The second shot (that is of course if you are actually lucky enough to have one) into a green built upon huge, stacked highway concrete chunks really looks and plays strange. I am being picky though, if this course was closer to Cincinnati, I would surely spend my golf money here on a regular basis. In fact, they have a really cool, and huge, eagle flying around that literally buzzed us a few times on a green and a teebox. There is quite a bit of wildlife to be seen on and around this layout.

PB Dye? The PB could mean peanut butter. Overall PB, you did a damn fine job, especially with the ‘po folks looking hole markers. Pass the Skippy and lets play some farm golf! For more information, visit the Buck point website, www.buckpointgolfclub.com/.

 

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5 Comments

  1. Easter Treats

    January 7, 2013 at 11:04 pm

    whoah this blog is great i love reading your posts. Stay up the great paintings! You already know, a lot of individuals are looking round for this info, you could help them greatly.

  2. Ed Grinvalds

    July 18, 2009 at 8:42 pm

    Played this P.B. Dye course on July 17, 2009. What a great course that is open to the public. Conditions are excellent and the test from the tips is awesome. There are many stunning visuals of the lake and really just great golf holes. This is a classic lakeside course with lots of variety and reminds you of the “Teeth of The Dog” course that PB’s father built in the Dominican Republic. If there is a better course in the greater Cincinnati area, for asthetics and difficulty,I know I haven’t played it.
    Conditions for the budget that the greenskeeper has are phenomenal. Not Augusta but above average for sure. And the whole design is just a Dye classic. I would say it is the architects best design ever.
    Cons? If you want a low score rather than a complete examination of your skills, you better skip it. There was no beer available but I was told that this would will change in a couple of weeks.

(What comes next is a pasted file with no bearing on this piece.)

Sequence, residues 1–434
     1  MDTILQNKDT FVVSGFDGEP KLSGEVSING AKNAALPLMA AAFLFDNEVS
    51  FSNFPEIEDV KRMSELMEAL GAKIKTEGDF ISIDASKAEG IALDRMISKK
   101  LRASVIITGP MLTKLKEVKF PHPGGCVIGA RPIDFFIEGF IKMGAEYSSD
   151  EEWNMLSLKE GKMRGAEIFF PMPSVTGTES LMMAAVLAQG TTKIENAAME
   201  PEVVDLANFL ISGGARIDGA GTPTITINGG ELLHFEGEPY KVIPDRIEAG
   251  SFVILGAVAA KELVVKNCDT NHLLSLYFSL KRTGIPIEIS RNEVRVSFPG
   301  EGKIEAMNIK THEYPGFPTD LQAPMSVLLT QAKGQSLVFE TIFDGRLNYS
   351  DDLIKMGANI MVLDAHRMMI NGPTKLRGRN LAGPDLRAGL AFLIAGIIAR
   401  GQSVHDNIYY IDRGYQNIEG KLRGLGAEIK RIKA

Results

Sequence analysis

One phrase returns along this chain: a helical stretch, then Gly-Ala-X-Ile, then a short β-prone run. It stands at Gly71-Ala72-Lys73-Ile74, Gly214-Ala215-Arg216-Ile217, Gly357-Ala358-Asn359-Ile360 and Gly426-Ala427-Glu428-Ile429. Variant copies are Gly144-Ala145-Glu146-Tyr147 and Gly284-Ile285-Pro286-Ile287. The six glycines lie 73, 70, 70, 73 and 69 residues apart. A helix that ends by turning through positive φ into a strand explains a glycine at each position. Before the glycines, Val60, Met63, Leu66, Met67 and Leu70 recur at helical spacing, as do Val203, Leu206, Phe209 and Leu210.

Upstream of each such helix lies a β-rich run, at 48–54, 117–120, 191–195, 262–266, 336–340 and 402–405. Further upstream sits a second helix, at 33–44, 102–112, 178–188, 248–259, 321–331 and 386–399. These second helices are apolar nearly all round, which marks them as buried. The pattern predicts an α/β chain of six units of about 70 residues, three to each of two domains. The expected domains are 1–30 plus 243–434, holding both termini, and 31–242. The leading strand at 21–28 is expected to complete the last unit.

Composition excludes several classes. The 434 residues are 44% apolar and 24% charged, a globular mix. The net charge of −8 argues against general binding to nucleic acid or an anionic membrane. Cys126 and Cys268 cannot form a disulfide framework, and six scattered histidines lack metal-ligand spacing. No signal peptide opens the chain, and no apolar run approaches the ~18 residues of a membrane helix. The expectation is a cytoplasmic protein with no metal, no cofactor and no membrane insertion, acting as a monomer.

Pros? Worthy of a play and stay outing as there is a marina within 1/2 mile with a great bar& restaurant and lodging available overlooking the lake and part of the course.

  3. Nash Carr

    December 4, 2008 at 10:34 am

    Gordon,

    I do not believe that it is totally fair to judge most courses on conditioning in the Southwestern Ohio area; in case you have not noticed, there has been a drought here every summer for last three years. Most courses have been substantially damaged and have suffered greatly as a result. Many courses, in the very near future, will spend even less on watering and upkeep with the sluggish economy as people start to spend less $$ playing golf. The course actually played fairly soft when we played. For $40 with a cart, you won’t get Augusta conditioning my friend.

  4. gordon

    December 2, 2008 at 1:33 pm

    when i played the fairways were soooooooo bumpy they were like bad wash boards. is it still that way???? riding in a cart was pure punishment. Plus the first 4 holes were sw to each green. all in all , i thot it was a terrible golf course.

  5. Jason

    November 29, 2008 at 3:12 pm

    My buddy and I played out there for the first time this year just to check it out. I thought the greens fees were very well priced for the condition of the course. It’s not the most well kept course I’ve ever played on but it was in good shape. Many of the holes were very “neat” with downward tee shots and one par 3 right next to the lake that will make you cringe if you tend to fade the ball. Overall I’d say it’s a good course that’s priced right for the play.